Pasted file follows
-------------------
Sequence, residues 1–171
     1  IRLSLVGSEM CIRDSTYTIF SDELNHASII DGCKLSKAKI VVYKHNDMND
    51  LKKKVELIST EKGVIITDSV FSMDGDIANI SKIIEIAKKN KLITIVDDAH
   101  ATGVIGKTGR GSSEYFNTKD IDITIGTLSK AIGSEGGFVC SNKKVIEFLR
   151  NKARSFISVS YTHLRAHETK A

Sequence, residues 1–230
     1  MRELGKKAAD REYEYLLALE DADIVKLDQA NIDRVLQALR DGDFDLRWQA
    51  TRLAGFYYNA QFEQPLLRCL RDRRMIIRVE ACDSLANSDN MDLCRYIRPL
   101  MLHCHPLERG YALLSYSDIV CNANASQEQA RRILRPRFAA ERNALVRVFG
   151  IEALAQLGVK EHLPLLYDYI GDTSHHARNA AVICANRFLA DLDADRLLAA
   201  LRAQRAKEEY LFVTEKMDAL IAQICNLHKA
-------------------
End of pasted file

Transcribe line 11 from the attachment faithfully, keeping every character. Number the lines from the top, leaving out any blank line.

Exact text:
   201  LRAQRAKEEY LFVTEKMDAL IAQICNLHKA